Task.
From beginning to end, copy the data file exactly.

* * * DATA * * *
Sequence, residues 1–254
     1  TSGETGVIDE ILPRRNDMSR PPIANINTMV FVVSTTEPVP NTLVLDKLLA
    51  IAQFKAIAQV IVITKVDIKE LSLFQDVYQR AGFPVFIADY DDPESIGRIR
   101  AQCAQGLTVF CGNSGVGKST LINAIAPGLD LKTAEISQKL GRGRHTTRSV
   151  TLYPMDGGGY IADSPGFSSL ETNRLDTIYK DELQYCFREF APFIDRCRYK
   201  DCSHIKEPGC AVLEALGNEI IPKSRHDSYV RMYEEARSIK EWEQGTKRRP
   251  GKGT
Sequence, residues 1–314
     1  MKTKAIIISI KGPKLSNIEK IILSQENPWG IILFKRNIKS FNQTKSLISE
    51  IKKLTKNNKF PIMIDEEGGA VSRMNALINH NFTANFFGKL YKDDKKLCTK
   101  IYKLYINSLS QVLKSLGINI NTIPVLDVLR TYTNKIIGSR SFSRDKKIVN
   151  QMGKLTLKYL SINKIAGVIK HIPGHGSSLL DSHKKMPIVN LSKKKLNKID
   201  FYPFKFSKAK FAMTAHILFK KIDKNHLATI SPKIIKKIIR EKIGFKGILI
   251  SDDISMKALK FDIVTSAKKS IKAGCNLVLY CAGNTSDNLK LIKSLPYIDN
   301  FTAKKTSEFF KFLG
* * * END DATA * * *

Sequence, residues 1–254
     1  TSGETGVIDE ILPRRNDMSR PPIANINTMV FVVSTTEPVP NTLVLDKLLA
    51  IAQFKAIAQV IVITKVDIKE LSLFQDVYQR AGFPVFIADY DDPESIGRIR
   101  AQCAQGLTVF CGNSGVGKST LINAIAPGLD LKTAEISQKL GRGRHTTRSV
   151  TLYPMDGGGY IADSPGFSSL ETNRLDTIYK DELQYCFREF APFIDRCRYK
   201  DCSHIKEPGC AVLEALGNEI IPKSRHDSYV RMYEEARSIK EWEQGTKRRP
   251  GKGT
Sequence, residues 1–314
     1  MKTKAIIISI KGPKLSNIEK IILSQENPWG IILFKRNIKS FNQTKSLISE
    51  IKKLTKNNKF PIMIDEEGGA VSRMNALINH NFTANFFGKL YKDDKKLCTK
   101  IYKLYINSLS QVLKSLGINI NTIPVLDVLR TYTNKIIGSR SFSRDKKIVN
   151  QMGKLTLKYL SINKIAGVIK HIPGHGSSLL DSHKKMPIVN LSKKKLNKID
   201  FYPFKFSKAK FAMTAHILFK KIDKNHLATI SPKIIKKIIR EKIGFKGILI
   251  SDDISMKALK FDIVTSAKKS IKAGCNLVLY CAGNTSDNLK LIKSLPYIDN
   301  FTAKKTSEFF KFLG